Settlers pray for Trump victory in Hebron, the city of Abraham

Written by on November 2, 2020

Both the settlers and Trump support Israeli sovereignty over the West Bank settlements

Settlers pray for a Trump victory and blow the shofar outside the Tomb of the Patriarchs in Hebron, November 2, 2020 (photo credit: MOUNT HEBRON REGIONAL COUNCIL SPOKESPERSON'S OFFICE)

Settlers pray for a Trump victory and blow the shofar outside the Tomb of the Patriarchs in Hebron, November 2, 2020

(photo credit: MOUNT HEBRON REGIONAL COUNCIL SPOKESPERSON’S OFFICE)

The sound of the ram’s horn resounded in front of the Tomb of the Patriarchs in the biblical city of Hebron as settler leaders held a small rally and brief prayer service Monday for US President Donald Trump’s victory in the November 3 election.

“We are people of faith, and here – from the Tomb of the Patriarchs, we pray and express our gratitude to President Trump,” Binyamin Regional Council head Israel Ganz said.

As Ganz spoke, he stood on the stone plaza in front of the King Herod-era structure that housed the Tomb of the Biblical forefathers and foremother, including that of Abraham, whose purchase of the site is recorded in the Book of Genesis.

The settlers and their right-wing supporters, out of all the Israelis, have the most to gain from a Trump victory.

Among those who stood there were leaders like Ganz and South Hebron Hills Regional Council head Yochai Damri, who opposed Trump’s peace deal with the Palestinians, but have in the last weeks still come out in support of the US president.

Samaria Regional Council head Yossi Dagan, who held a Trump rally in his region of the West Bank last week, was absent from the event.

Both the settlers and Trump support Israeli sovereignty over the West Bank settlements, but the settlers want a more expanded annexation map and opposed the creation of a Palestinian state, even the demilitarized one that is part of the Trump plan.

Ganz said he hoped that Trump would “be granted additional years as President of the United States, and will strengthen the State of Israel, so that together, we can apply sovereignty in Judea and Samaria.”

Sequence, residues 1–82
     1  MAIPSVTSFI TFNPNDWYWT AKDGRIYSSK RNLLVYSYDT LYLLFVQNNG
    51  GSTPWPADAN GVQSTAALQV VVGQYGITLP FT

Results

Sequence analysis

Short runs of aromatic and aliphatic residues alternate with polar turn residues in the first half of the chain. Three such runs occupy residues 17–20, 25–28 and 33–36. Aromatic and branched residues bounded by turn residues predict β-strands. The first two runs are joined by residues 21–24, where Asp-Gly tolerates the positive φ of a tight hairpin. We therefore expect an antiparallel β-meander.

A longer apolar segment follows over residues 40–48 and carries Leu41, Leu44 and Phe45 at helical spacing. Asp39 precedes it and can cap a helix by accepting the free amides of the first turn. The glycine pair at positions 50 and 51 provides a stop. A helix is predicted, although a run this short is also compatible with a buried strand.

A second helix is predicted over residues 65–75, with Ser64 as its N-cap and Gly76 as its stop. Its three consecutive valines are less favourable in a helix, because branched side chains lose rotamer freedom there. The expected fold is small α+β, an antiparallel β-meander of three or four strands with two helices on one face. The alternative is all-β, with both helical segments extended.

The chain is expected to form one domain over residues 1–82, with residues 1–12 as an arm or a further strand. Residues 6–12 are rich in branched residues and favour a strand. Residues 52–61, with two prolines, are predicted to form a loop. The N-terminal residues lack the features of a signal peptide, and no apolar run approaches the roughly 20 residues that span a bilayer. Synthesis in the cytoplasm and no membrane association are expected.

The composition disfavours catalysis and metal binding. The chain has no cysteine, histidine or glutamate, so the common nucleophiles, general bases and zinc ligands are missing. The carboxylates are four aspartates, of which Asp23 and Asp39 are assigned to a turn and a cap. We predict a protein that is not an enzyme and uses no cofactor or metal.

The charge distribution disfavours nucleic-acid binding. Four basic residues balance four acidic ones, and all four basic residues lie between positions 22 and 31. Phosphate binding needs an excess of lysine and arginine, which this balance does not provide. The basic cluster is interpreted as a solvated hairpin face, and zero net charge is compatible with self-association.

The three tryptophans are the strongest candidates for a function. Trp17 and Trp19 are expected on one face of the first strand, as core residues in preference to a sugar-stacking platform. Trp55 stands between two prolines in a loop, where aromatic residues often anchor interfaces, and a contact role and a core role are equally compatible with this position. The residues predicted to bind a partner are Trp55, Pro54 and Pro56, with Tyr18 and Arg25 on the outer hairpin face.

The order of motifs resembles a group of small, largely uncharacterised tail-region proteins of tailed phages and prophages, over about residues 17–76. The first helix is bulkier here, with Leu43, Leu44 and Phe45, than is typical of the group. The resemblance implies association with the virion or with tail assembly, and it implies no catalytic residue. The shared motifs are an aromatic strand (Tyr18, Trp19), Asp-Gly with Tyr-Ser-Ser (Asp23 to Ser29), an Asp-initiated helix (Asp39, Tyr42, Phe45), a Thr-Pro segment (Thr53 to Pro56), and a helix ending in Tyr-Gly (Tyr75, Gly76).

He listed the steps Trump had already taken in support of Israel, such as Trump’s “intensive and courageous efforts in transferring the US embassy to Jerusalem, recognizing the Golan Heights, and the Secretary of State’s declaration of the legality of the settlements in Judea and Samaria.”

Damri thanked Trump for his battle against both Iran and the Boycott, Divestment and Sanctions movement.

Hebron Jewish Community spokesman Yishai Fleisher linked the site with Trump’s normalization deals between Israel and its regional Arab neighbors, known as the Abraham Accords. The name is intended to underscore the fact that Abraham is the common forefather to all three monotheistic religions: Judaism, Christianity and Islam.

“The Abraham Accords which were signed between Israel, Bahrain and the United Arab Emirates and other countries coming soon, is part of the great vision of President Trump and we thought there would be no more perfect a place than to come here and to give honor to President Trump and to wish him well.”

Gush Etzion Regional Council head Shlomo Neeman recalled the eight bitter years of the Obama administration, who had attempted to freeze settlement activity.

“We couldn’t even build a nursery for children or lay a sewer line,” he said.

Trump, in contrast, has proven his devotion to the settlements, Neeman said.

Kiryat Arba Council head Eliyahu Liebman said “support for Trump” was akin to “support for God,” adding, “we are all praying for his victory.”

Efrat Council head Oded Revivi, who supports Trump and his Peace to Prosperity plan, opposed the decision of the settler leaders to hold the event, noting that Israeli politicians should not involve themselves in US politics.

“Responsible Israeli leaders should avoid entanglement in foreign elections, in the same way that we demand that foreign nations respect our democratic processes,” Revivi said.

“It is the duty of Israeli leaders to work with all of our allies regardless of who their citizens choose to lead their country,” he said.

The settler leaders at the rally would have done better to simply pray that “the result of the US elections will lead to a stronger Israel and strengthened US-Israel relationship,” Revivi said. “We must remember that ultimately it is up to us Israelis to advance Israel’s interests regardless of who is the US president. We have seen too often Israeli leaders reject policies that would have benefited Israel and in other times, have embraced policies that damaged Israel.”

He added that it was hypocritical for leaders who had fought Trump over his peace plan to now pray for his victory. It might be “wiser” for them to pray now for the “wisdom that eluded them when they opposed this administration just a few months ago,” Revivi said.

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